September 6

Written by Bill Grandi on September 6th, 2022

The long weekend is over (Labor Day) and I’m back! I know that just has you jumping for joy!! πŸ™‚Β  I had a nice weekend. Relaxing. A great meal with friends on Saturday (since we “rained out” for a bike ride. In quotes because it never rained like they said it was supposed to). So, I rode 21+ miles yesterday with Ryan S. instead of Saturday.Β  (It is the longest I have ridden since my surgery on June 14th). Then, he went home and rode 30+ more. He da man! I remember when I used to do those kinds of things. These 70 year old legs would protest that kind of feat these days and wouldn’t think of doing something like that…unless I don’t want to move the next day…and the next…and the next. πŸ™‚

Okay, now for the devotion based on The Trail by Ed Underwood. Before I give you Principle #5, which will include a recap of the first 4 principles, I want to take a side road based on #4. #5 will come tomorrow.

When we talk about intimacy, I think one of the hardest things to do is to be honest. My mate must feel safe (enfolded if I may use that word) in a cloak of warmth and protection and security that comes from me.Β  After being a pastor for about 50 years, I have seen precious few marriages where safety and security were evident. If you have one, you are blessed.

With that intimacy comes the ability to forgive. No marriage is perfect because no person is perfect. Intimacy is a rare commodity anyway, but when the inability to forgive crops up…forget it!! I have seen marriages blow up over the littlest thing which became a great thing all because of the inability to forgive. Big or small offense, forgiveness is not an option. Someone has said, “To err is human; to forgive divine.” It seems like I have heard something on the order of “We are most like beasts when we sin; we are most like God when we forgive.” (If not, I lay claim to that! πŸ™‚ ) Whether I heard it or made it up, it is true.

So beforeΒ  I move on to Principle #5, let’s make a stand right here right now to forgive others-from the smallest to the largest offense. It starts with us, whether there is an apology or not.

I don’t remember there being an apology when Someone I want to model said, “Father, forgive them for they don’t know what they are doing.”


6 Comments so far ↓

  1. Good Morning, Bill. First of all, I’m glad you are back safe and sound. And so happy to hear you rode as many miles as you did. Phew! I’m sweating just thinking about it. LOL. And, Ryan, well, I don’t think you’re human. LOL…

    Great post. I’ve been annoyed with someone for the last couple of days. I chose to forgive him. Thanks Bill!

    • Bill Grandi says:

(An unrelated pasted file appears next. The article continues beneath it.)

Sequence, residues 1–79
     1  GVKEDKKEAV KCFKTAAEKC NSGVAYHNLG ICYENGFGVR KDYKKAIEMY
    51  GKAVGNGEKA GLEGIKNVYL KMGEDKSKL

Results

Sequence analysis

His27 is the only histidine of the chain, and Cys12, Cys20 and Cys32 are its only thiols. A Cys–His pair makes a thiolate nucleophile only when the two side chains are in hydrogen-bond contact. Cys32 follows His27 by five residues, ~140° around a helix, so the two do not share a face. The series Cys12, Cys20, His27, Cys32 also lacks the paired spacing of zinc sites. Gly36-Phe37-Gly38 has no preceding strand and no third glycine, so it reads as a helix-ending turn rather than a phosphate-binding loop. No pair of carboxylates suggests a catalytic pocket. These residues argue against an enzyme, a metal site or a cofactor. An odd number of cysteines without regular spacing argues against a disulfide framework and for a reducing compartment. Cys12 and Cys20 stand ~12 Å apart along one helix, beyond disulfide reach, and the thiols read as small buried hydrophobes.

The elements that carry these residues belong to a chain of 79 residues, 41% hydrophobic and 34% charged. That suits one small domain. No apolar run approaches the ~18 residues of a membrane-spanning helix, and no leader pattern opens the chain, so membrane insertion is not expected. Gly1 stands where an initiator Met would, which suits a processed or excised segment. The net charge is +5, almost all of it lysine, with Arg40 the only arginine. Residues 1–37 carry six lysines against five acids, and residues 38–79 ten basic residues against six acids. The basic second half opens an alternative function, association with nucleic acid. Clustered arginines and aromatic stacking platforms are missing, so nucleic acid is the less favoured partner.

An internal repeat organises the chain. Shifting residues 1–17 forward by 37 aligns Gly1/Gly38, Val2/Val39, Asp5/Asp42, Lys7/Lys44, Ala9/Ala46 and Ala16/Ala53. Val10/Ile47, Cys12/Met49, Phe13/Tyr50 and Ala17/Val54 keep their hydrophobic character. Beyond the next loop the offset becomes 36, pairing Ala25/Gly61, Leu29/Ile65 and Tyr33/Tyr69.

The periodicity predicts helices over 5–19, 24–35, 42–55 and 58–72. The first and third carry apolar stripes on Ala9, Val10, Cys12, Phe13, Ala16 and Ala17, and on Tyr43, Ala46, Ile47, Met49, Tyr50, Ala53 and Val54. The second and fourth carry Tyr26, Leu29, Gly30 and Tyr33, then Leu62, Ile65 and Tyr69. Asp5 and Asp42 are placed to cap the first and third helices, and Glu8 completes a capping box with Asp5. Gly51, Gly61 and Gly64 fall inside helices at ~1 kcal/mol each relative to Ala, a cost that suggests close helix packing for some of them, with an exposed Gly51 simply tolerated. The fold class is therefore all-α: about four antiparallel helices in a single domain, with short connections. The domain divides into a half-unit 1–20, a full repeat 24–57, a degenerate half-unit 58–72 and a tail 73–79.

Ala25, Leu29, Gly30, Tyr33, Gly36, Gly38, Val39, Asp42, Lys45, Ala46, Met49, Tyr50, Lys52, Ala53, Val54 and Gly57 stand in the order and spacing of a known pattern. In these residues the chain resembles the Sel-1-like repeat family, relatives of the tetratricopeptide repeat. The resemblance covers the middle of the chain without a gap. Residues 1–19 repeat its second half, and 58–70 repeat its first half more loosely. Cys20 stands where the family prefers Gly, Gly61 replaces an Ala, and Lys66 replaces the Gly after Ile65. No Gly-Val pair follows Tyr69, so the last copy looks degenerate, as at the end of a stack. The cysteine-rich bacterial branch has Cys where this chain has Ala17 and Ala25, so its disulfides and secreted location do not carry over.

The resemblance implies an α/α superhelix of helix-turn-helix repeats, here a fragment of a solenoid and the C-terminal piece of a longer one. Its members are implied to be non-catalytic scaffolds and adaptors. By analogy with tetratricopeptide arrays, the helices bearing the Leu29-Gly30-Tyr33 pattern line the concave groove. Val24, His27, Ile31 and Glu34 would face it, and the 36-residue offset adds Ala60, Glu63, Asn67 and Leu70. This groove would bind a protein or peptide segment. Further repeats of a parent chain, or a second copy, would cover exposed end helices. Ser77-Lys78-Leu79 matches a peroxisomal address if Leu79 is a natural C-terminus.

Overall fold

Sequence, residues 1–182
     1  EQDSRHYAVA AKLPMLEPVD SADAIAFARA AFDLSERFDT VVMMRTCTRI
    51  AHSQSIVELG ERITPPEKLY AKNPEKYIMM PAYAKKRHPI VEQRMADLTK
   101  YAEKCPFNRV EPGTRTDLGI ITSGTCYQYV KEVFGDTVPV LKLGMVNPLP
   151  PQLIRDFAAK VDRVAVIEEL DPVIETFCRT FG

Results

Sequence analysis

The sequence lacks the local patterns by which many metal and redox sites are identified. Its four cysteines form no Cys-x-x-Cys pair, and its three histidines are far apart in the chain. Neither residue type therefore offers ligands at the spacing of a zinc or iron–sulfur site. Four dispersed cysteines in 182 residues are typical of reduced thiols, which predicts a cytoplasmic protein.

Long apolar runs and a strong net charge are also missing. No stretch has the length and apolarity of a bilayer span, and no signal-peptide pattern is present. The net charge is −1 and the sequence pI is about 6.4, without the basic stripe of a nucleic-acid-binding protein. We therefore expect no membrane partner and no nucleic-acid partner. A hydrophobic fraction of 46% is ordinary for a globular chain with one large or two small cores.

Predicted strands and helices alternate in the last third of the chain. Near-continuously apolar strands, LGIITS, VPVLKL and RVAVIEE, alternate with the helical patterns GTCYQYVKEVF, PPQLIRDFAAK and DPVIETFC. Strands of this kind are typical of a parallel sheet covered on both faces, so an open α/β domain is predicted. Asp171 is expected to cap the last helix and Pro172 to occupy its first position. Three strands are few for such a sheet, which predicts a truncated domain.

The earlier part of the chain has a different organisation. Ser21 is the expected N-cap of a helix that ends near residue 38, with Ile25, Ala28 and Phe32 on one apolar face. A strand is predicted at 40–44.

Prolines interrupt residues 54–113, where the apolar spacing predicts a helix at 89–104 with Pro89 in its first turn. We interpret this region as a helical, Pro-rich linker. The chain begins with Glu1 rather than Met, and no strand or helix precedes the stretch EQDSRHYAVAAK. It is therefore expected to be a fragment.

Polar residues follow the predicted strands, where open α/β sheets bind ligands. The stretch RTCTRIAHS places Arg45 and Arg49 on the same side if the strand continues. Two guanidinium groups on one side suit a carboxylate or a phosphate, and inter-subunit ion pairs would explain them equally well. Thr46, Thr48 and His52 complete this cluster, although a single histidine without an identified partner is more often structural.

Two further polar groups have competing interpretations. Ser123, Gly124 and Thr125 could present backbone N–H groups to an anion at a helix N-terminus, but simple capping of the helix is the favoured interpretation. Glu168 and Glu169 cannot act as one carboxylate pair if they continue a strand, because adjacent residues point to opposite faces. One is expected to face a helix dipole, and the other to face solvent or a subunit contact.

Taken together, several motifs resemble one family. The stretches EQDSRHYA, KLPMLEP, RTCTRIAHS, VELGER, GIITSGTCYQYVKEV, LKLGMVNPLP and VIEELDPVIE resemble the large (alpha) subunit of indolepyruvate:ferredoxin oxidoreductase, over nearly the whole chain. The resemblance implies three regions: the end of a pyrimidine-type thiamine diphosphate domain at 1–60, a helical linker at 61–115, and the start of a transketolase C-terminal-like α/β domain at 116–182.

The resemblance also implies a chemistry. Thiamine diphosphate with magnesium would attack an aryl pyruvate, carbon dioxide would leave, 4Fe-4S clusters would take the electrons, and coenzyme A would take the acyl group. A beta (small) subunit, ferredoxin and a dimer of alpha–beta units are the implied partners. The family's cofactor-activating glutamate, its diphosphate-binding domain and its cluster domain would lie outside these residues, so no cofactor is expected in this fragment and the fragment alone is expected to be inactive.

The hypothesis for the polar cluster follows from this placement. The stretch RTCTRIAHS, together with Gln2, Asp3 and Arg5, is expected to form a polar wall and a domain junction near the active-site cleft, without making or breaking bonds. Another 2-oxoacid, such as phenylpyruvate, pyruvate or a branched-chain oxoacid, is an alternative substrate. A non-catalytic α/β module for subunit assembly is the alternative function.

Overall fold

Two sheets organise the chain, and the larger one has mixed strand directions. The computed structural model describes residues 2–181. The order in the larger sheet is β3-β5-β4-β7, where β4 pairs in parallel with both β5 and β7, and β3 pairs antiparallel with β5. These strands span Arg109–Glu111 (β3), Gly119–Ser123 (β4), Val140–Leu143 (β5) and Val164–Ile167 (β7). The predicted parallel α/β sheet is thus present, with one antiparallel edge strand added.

Thanks Diane. Last night I was regretting the old leg syndrome. πŸ™‚ And yeah, Ryan is not human. I’m glad you have chosen to forgive. No sense in being someone’s slave.

  2. Ryan S. says:

    Human, just maybe not right in the head sometimes πŸ™‚ Though, I recovered well… No residual ache after the ride(s) yesterday or this morning, so there is that!

    I can’t agree with you more regarding forgiveness being related to intimacy. I have seen a fair share of marriages myself that have come and gone due to the lack of forgiveness. I suspect the underlying issue was the lack of intimacy as you indicate.

    I will go on to say… being able to say you forgive and truly forgive within the heart are two different things. Wanting to forgive and being able to forgive are also to different things. I think these also are tied to our relationship and intimacy with God. It is difficult to reflect the attitude and actions of Christ when you are not close to Him… The closer you stand to the mirror, the more accurate and close is the reflection… I think the same is true with Jesus.

    Thanks again for the ride, Bill, enjoyed it greatly!

    • Bill Grandi says:

      I’ll reserve comment about not being right in the head. You are younger than me and a black belt. I wear one. πŸ™‚ You have hit on the line in the sand, so to speak, Ryan. Saying I forgive and really forgiving is a challenge which needs embraced. In some cases, overcome. Thanks for pointing it out. And ditto on the ride.

  3. When you won’t forgive others, you’re only hurting yourself . . .
    And when it comes to exercise these days, I’m feeling like the old grey mare, Bill, that’s for sure. Yet, I’m grateful to still be able to move around with some confidence due to all the physical therapy I’ve been doing. I’ll never be a spring chicken again, but that simply can’t be helped. πŸ™‚

    • Bill Grandi says:

      Agreed on hurting oneself Martha. We become a slave and prisoner to our emotions and the other person. I’m never going to be a spring chicken again either Martha but I do want to stay somewhat limber. πŸ™‚